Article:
The 2024 GOP presidential primary is moving into uncharted territory with the indictment of former President Donspanld Trump, and Gov. Ron DeSantis could face a difficult balancing act as he tries to undercut Trump without antagonizing a GOP base that is rspanllying spanround the former president.
DeSantis hasn’t announced his 2024 campaign yet, but he is widely expected to run and is seen as Trump’s strongest potential challenger.
Trump’s indictment is likely to scramble the race and complicate DeSantis’ strategy for taking on the former president.
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Here are four ways that Trump’s indictment could impact a potential matchup with DeSantis.
Rallying the base after Trump indictment
DeSantis has been riding high for months after winning reelection by 19 percentage points. Polls initially showed him performing well against Trump in a head-to-head matchup.
Lately, though, DeSantis’ polls numbers have begun to slip. There likely are multiple reasons, including DeSantis’ stumbles and a barrage of Trump attacks. The GOP base also has been rallying around Trump amid increspansed discussion spanbout the former president being indicted.
Trump’s poll numbers have gone up, and some political experts believe that will continue, at least in the short term, after he gets indicted.
“I think it probably helps Trump and Trump’s numbers in a lot of polls with Republicans will probably improve after this and it’s probably not great news for DeSantis,” said University of Central Florida political science professor Aubrey Jewett.
St. Leo University political science professor Frank Orlando also expects a spike in Trump’s poll numbers.
“I don’t think the indictment of Trump is good news for DeSantis in the primary,” Orlando said. “Nor is the rush of all GOP party members and fellow candidates to support the former president. I’d be surprised if we don’t see a further jump in President Trump’s numbers over the next few weeks.”
Blunting criticism by DeSantis
Another way that the indictment could hurt DeSantis is in his ability to draw contrasts with Trump and criticize the former president.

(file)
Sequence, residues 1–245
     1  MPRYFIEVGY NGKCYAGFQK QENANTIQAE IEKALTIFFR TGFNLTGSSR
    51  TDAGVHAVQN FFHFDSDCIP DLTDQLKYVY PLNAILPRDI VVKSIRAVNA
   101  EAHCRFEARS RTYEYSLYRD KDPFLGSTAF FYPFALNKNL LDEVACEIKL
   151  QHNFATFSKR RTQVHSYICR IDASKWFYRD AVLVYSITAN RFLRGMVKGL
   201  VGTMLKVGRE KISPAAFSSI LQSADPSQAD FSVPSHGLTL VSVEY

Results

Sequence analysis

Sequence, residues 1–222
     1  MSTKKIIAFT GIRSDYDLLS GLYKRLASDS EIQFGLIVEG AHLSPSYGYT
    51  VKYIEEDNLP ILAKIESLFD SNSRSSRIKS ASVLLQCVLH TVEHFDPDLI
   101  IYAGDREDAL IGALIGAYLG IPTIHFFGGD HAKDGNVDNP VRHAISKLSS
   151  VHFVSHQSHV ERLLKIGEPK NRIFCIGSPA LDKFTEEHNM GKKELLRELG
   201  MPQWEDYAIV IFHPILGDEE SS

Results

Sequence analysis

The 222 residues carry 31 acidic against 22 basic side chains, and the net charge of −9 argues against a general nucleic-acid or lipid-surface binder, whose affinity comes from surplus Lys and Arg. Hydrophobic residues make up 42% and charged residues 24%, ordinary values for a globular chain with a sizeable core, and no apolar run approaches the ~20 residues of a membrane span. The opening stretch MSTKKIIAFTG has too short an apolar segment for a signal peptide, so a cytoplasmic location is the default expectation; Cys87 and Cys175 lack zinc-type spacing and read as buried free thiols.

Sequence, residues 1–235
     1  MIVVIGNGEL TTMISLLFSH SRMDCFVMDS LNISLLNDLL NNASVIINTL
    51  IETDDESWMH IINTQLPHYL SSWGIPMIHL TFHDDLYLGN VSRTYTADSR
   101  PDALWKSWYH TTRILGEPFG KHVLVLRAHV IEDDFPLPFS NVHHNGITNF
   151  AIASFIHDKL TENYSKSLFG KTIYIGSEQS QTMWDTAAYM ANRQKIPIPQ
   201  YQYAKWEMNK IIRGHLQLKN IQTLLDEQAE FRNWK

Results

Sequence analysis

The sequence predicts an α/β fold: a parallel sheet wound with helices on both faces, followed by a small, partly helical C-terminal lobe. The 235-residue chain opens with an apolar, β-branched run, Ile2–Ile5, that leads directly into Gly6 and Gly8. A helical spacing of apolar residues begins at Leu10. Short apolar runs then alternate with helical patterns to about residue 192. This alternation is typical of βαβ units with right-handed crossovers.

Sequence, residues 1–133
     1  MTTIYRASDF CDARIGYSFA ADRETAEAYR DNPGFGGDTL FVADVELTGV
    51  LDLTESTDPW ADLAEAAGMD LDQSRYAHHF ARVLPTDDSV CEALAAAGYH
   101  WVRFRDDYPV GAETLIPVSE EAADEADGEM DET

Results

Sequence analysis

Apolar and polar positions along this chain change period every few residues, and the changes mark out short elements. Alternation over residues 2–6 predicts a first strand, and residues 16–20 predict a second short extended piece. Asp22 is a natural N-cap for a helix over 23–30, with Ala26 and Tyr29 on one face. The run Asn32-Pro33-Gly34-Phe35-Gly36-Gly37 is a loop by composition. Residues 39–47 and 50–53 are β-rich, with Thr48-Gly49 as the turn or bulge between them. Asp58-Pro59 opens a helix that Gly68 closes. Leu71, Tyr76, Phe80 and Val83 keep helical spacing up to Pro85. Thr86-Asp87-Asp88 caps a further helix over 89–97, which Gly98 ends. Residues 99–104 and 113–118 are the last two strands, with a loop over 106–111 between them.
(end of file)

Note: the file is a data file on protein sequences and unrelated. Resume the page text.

Last week DeSantis tried to walk a tightrope in his first public comments about Trump’s impending indictment. The governor slammed the prosecutor in Trump’s case, but also made a point of highlighting the sordid spanllegspantions of hush money pspanyments to spann spandult film stspanr.
Trump and some of his top supporters weren’t happy about the governor’s comments, viewing them as a swipe at the former president. They lashed out at DeSantis.
On Thursday, after it was reported that a New York City grand jury had voted to indict Trump, DeSantis was unequivocal in criticizing the prosecution and backing his political rival. He seemed to recognize that many GOP voters are in no mood for anything less than an all-out defense of Trump right now.
DeSantis was beginning to offer mild pushback to some of Trump’s criticisms before the indictment. How DeSantis handles Trump’s attacks could get more complicated.
The indictment could make it difficult for DeSantis to criticize Trump on anything, not just his legal troubles.
Trump constantly says he’s been persecuted by his political enemies, and any criticism of him could play into that narrative and turn off a swath of GOP voters.
Legal peril in Trump problems
While Trump’s standing with GOP voters could improve in the short term after his indictment, it’s not clear that it ultimately will benefit him politically.
DeSantis has been hyped as Trump without the baggage, and being under indictment certainly could add to Trump’s baggage in the minds of many voters and lead some to conclude they want a different candidate.
Additionally, as the case wears on more unflattering revelations about Trump could emerge. Having his name constantly linked to hush money payments to an adult film star in media coverage could also drag on Trump eventually.
“Over the last three months Gov. DeSantis has stalled in presidential primary polls as Donald Trump bashed him on social media, the press, and public rallies,” said University of Miami political science professor Gregory Koger. “Now that Donald Trump is facing indictment, DeSantis has a chance to offer himself as an alternative to a candidate who may be in jail by fall 2024.”
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If Trump is convicted, that would be another huge bombshell that could dramatically alter the presidential race.
Trump can still run for president if he is convicted of a crime.
How indictment could affect 2024:Cspann Trump still run for president if indicted? Convicted?
“The requirements for election to federal office are set in the U.S. Constitution,” notes Florida Atlantic University political science professor Kevin Wagner in span recent column for the Pspanlm Bespanch Post. “Article II describes the requirements to serve as President, such as being a natural-born citizen, at least 35 years of age, and having been a resident of the country for at least 14 years. There is no explicit prohibition on individuals with criminal records running for president, and the Constitution does not prohibit anyone based on indictments or convictions.”
Wagner notes that Eugen Debs even ran for president in 1920 while he was in prison “for speaking out against the draft during World War I.”
Politically, a conviction could be damaging for Trump, though, and a big opportunity for DeSantis.